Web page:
What I Got To See And Feel Through My Leh Ladakh Tour Package?
With almost all of the popular hill stations of north India having been explored and rejoiced in the past decade odd sojourns to these summer destinations, I thought it is time to move further north in the Leh and Ladakh region this summer. The idea was to be thrilled as much by adventure as was to add knowledge about the people and their culture. I was curious to know how life thrives in such cold extremes. How do the people pack their days with activities? What all do they wear, eat and celebrate? I bought the leh ladakh tour package from one of the agency and went on to the discovery of this land which I was yet to explore. I was given advisories on visiting this high altitude place. This post is about mentioning what all destinations you must visit in Ladakh. These are popular sites and destinations which not only provide you a glimpse into the natural beauty of the land but also make you marvel at the architectural creations and the happily living people, despite scarcities of amenities and extremities of weather.
Shanti Stupa ( The Dome of Peace)
This is white domed structure which is an excellent example of cooperation of Japanese and Ladakh Buddhist who worked together to erect this beautiful structure at a height of 14000 ft above sea level. It was actually the efforts of the Fuji Mission of Japan which wanted to resurrect Buddhism across the world by building temples and pagodas. The construction of stupa began in 1983 and was completed by the year 1991. The colorful reliefs depict the different stages of life of Buddha-birth, winning over the evils and attaining parinirvana. It is also a popular belief that the relics of Buddha are also kept inside this stupa.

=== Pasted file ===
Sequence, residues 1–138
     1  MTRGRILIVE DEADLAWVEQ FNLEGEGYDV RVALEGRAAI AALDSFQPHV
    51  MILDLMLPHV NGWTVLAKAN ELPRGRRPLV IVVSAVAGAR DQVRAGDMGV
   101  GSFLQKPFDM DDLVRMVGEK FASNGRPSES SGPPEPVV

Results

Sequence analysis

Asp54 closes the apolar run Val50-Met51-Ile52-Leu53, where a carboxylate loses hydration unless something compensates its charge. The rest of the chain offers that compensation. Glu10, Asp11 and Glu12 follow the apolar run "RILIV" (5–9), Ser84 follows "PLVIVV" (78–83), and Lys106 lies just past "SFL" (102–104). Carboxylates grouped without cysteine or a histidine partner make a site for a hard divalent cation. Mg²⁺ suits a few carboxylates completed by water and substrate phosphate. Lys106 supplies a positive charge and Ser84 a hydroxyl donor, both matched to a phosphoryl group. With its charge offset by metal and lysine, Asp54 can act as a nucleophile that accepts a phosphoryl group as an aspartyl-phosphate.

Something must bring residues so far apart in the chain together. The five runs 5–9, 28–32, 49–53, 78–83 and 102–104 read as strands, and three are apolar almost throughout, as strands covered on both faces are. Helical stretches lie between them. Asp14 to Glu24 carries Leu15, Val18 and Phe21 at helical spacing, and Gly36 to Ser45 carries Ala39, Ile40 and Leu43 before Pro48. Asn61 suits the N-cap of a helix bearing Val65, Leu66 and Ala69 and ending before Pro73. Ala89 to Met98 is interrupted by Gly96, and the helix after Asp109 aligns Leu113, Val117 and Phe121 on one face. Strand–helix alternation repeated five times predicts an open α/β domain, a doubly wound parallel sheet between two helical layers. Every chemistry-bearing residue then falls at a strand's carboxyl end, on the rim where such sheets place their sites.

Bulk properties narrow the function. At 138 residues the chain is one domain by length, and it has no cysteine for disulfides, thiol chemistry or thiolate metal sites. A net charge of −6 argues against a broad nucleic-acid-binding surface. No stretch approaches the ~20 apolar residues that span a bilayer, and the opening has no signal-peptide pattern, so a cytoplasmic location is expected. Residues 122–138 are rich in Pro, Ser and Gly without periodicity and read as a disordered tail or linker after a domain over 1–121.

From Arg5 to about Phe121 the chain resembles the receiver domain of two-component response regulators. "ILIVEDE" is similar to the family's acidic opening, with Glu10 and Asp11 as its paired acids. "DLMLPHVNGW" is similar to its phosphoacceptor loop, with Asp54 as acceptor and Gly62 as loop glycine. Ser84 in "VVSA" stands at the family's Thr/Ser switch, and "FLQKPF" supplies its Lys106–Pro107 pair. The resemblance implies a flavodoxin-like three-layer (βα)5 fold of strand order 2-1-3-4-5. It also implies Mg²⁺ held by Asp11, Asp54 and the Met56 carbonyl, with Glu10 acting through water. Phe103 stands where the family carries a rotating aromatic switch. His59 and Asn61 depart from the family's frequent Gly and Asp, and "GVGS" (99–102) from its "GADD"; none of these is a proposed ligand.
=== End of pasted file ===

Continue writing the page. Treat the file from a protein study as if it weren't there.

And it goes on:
Chemrey Gompa (Monastery)
This monastery dates back to the medieval times. It was built in 1660s and dedicated to the kings of Namgyal dynasty that ruled over this region during those times. It was at this monastery that I got to know that that a Buddhist monk Padmasambhava had played a critical role in the spread of Vajrayana form of Buddhism in Tibet and Bhutan and this monastery has his statue. That was really an astonishing finding that people had been devoted to construction, driven by faith, at such altitudes and at those times when there were no modern construction equipment.
Fort and Tsemo Gompa
It is correctly named as the Namgyal Tsemo monastery. This is even older than the Chemrey Gompa. Built in the 15th century by the Namgyal king of that time, this has a big idol of Maiterya made in gold. There are priceless manuscripts and frescoes in this monastery. This place is close to Shanti Stupa and is generally the next stop in a Leh Ladakh tour package.
Just like the Potala Palace of Tibet, this palace was built by a king of Namgyal dynasty in 17th century. The palace retained its glory and was well managed till the 19th century until the time the Dogra rulers took over the place. This is a nine storeys high building which is now in ruins and is under restoration. However, the tourists can still go to the roof and have panoramic views of the magnificent Leh. Almost a half-century old Chinese Thangkas, ceremonial dresses, jewellery and other articles are also kept in the museum of this palace.